In conversation with Santosh Iyer

Team OD Published: December 22, 2021, 06:07 PM IST
"When we are looking at marketing investments compared to returns on sales it may not be correlational. If we don't invest now, we won't be able to shape up the market for the future. It's the biggest dilemma and challenge for the marketers to accept and continue the investments as far as EV products are concerned," says Mercedes-Benz's Santosh Iyer.

In an exclusive conversation with Storyboard18, Iyer, vice president, sales and marketing, Mercedes-Benz India, talks about the impact of the pandemic on the brand-customer relationship, key marketing trends and why celebrities don't work well for a luxury automaker like Mercedes Benz.

How has the equation with your customer changed in the post-pandemic era?

The equation has changed for sure. After wave one and two the interest in sustainable products has gone up. During the pandemic and lockdowns people have witnessed nature reviving. Everybody realised that the automobile, as a category, is also responsible to society, especially in the chaos that we are in today, be it noise or air pollution. Somewhere there is an increased awareness for sustainability and sustainable products. Responsible customers are ready to pay a premium for it as well.

Sustainability is also about data and security as well. There is a lot of discussion about how data is secured since many of these cars are connected. Moreover, customers are becoming increasingly aware and they want brands to really take their consent before marketing technology (martech) tools such as retargeting campaigns are being activated.

What are the key demands and concerns of luxury customers in India?

Luxury customers get excited by products. Globally, we have more than five kinds of EVs. The biggest question that we keep getting from Indian customers is when are we bringing the entire EV portfolio to the country. They want more options; they want more products. That's why we want competition to come up with more products and the ecosystem to develop as fast as possible which will help all players in the long run.

EVs are designed for long-term at least for 10-15 years. The car batteries have a second life and their value does not diminish. Therefore, educating customers on these points is one of the biggest marketing challenges in the luxury segment.

What will be defining trends in marketing in India?

In the automobile category, there will be increased focus on EV products and communication compared to traditional cars. As a marketer, today we are investing in the EVs not for the current volumes but for the future. There is also a responsibility of all the brands to educate the customers. Basically, when we are looking at marketing investments compared to returns on sales it may not be correlational. If we don't invest now, we won't be able to shape up the market for the future.

It's the biggest dilemma and challenge for the marketers to accept and continue the investments in markets as far as EV products are concerned. It is also challenging for brands like ours which have both traditional internal combustion (IC) engines and EVs. On one hand, we need to ensure that the current business continues and we are also trying to transition. We are committed and we have made it clear that we won't have any IC engines product in the world by 2025.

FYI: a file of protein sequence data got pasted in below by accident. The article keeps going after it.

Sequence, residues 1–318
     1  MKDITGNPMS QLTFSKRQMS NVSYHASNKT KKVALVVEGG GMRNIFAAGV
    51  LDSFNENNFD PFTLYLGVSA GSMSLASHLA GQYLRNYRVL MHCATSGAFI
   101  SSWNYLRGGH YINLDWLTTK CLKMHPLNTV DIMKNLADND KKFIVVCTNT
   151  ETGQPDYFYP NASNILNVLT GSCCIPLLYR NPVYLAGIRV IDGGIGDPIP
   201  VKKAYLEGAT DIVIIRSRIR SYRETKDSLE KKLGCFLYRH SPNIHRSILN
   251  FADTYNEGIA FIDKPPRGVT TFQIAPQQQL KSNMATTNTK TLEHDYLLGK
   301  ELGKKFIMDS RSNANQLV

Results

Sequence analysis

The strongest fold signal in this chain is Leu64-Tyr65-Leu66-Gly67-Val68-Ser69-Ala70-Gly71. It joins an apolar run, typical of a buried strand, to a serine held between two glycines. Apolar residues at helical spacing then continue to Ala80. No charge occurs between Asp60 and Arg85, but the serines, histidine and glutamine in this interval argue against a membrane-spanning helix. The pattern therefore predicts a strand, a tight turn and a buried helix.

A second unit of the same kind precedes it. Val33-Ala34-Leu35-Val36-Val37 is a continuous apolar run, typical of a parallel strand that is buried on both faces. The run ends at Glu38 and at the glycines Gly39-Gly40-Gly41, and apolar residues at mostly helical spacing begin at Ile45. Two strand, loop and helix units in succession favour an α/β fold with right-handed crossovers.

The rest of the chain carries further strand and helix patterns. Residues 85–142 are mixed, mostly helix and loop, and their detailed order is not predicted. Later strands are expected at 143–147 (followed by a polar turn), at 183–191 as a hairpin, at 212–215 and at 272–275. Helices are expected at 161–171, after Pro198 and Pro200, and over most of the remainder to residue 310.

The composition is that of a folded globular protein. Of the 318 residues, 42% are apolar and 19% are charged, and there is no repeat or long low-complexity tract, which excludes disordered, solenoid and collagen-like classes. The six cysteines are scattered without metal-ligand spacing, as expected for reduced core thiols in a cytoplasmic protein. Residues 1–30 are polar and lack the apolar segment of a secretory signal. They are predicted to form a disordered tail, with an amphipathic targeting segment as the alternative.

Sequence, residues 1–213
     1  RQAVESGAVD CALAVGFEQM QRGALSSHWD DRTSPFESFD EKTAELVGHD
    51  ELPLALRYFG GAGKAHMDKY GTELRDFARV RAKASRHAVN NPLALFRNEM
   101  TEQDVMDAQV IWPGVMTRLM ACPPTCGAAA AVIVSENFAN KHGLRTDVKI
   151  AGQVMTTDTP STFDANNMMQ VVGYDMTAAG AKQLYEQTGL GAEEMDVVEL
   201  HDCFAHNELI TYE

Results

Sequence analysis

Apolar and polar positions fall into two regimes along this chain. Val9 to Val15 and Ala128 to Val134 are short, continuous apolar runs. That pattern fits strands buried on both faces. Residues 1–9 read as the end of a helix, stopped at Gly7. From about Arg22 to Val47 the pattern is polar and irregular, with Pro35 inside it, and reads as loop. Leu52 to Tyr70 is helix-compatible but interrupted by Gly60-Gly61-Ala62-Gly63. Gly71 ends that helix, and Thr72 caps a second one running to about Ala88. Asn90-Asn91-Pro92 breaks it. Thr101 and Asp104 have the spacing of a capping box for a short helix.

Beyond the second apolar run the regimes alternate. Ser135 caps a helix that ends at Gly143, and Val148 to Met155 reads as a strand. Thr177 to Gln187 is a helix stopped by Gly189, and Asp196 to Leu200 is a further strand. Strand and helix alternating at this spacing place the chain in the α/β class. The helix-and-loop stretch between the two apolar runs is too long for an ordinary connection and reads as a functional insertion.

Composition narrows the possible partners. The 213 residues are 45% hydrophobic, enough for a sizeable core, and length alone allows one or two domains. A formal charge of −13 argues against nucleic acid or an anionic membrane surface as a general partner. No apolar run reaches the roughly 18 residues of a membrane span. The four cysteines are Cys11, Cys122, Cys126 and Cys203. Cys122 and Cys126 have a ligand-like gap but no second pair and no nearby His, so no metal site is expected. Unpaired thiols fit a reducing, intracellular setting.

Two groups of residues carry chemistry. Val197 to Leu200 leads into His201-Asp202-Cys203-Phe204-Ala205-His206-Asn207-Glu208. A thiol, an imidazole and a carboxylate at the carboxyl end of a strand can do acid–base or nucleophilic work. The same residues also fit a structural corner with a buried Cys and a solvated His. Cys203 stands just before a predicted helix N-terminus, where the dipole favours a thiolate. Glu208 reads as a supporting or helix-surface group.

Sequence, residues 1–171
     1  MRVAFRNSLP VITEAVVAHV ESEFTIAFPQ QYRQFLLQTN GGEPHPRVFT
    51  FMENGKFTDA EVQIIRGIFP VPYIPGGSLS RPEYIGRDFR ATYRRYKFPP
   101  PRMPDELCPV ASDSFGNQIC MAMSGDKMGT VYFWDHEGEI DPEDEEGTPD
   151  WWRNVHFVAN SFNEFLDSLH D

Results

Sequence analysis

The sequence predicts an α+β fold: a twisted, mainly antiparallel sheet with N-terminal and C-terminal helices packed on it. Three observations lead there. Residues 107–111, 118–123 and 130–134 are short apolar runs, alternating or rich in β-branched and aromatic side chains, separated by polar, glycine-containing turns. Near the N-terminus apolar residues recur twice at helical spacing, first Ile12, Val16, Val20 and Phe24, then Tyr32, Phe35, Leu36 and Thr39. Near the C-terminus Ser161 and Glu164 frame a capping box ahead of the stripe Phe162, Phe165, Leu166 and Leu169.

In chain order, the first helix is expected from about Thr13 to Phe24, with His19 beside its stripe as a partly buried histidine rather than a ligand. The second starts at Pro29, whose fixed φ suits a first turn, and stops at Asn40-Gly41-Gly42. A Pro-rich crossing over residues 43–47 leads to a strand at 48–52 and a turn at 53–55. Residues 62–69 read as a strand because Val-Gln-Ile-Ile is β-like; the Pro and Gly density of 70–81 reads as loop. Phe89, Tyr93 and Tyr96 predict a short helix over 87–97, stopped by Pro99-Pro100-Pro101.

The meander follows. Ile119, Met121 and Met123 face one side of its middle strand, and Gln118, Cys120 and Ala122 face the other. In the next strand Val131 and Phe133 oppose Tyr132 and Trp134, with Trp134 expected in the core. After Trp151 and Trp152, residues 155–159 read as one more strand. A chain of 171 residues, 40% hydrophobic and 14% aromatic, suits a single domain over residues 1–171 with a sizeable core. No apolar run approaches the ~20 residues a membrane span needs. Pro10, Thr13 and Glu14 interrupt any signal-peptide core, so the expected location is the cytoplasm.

What are your thoughts on celebrity endorsements in the auto category?

When you look at the luxury end of the spectrum, there are a mature set of customers in India. They own large businesses or head large corporate organisations. Influencing them with a celebrity association is a far-fetched topic, one can see through it and it has little credibility.

We put a lot of emphasis on being authentic, trying to communicate directly and also focus on experiential marketing. For us, if we can give our EV for a week/weekend to a customer that mitigates a lot of consumer concern while giving us a lot of natural social traction.

Usually, when we send a Mercedes Benz EV to a target customer's house he/she will put it up on social media while experiencing it. I believe that's better-earned content than paid content. But when I go back to the mass segment, I think celebrities and influencers can play a bigger role in influencing consumer behaviour.

What is the next big thing coming down the line in terms of technology when it comes to marketing?

The next big thing would be to communicate to the online audience in a cookie less world. How can brands create a proper CRM (customer relationship management) with the set of prospects and customers where we don't know them? The latest update from Apple allows users to protect their data and privacy. I think the challenge will be the next revolution of tech that we are able to communicate to our target group using third-party data in a precise manner. The martech challenge will be to communicate with the target audience in a personalised way.

What are some important lessons you've gathered in the past few months?

All I can say is that the crisis is the biggest opportunity to drive any transformation and change. We make use of the crisis and not get bogged down by it. For me, personal learning has been on two counts - always be agile and be human centric. Pandemic has brought out more human centric leadership and thought process in me personally than what it used to be before.

Interview conducted by Saumya Tewari, for Storyboard18